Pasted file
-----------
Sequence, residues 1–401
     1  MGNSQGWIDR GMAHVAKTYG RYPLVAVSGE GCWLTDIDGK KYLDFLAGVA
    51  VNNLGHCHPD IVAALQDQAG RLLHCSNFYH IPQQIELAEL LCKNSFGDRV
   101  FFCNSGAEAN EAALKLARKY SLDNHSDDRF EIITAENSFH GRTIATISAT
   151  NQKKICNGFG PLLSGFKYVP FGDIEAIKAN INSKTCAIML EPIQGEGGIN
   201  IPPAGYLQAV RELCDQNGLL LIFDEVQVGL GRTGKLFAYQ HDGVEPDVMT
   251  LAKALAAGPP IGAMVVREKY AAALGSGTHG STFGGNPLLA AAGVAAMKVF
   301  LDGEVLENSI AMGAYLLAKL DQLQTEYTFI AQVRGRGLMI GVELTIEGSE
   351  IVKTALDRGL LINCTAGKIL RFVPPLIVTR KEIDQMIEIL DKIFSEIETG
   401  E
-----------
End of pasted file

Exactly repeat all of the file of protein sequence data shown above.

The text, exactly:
Sequence, residues 1–401
     1  MGNSQGWIDR GMAHVAKTYG RYPLVAVSGE GCWLTDIDGK KYLDFLAGVA
    51  VNNLGHCHPD IVAALQDQAG RLLHCSNFYH IPQQIELAEL LCKNSFGDRV
   101  FFCNSGAEAN EAALKLARKY SLDNHSDDRF EIITAENSFH GRTIATISAT
   151  NQKKICNGFG PLLSGFKYVP FGDIEAIKAN INSKTCAIML EPIQGEGGIN
   201  IPPAGYLQAV RELCDQNGLL LIFDEVQVGL GRTGKLFAYQ HDGVEPDVMT
   251  LAKALAAGPP IGAMVVREKY AAALGSGTHG STFGGNPLLA AAGVAAMKVF
   301  LDGEVLENSI AMGAYLLAKL DQLQTEYTFI AQVRGRGLMI GVELTIEGSE
   351  IVKTALDRGL LINCTAGKIL RFVPPLIVTR KEIDQMIEIL DKIFSEIETG
   401  E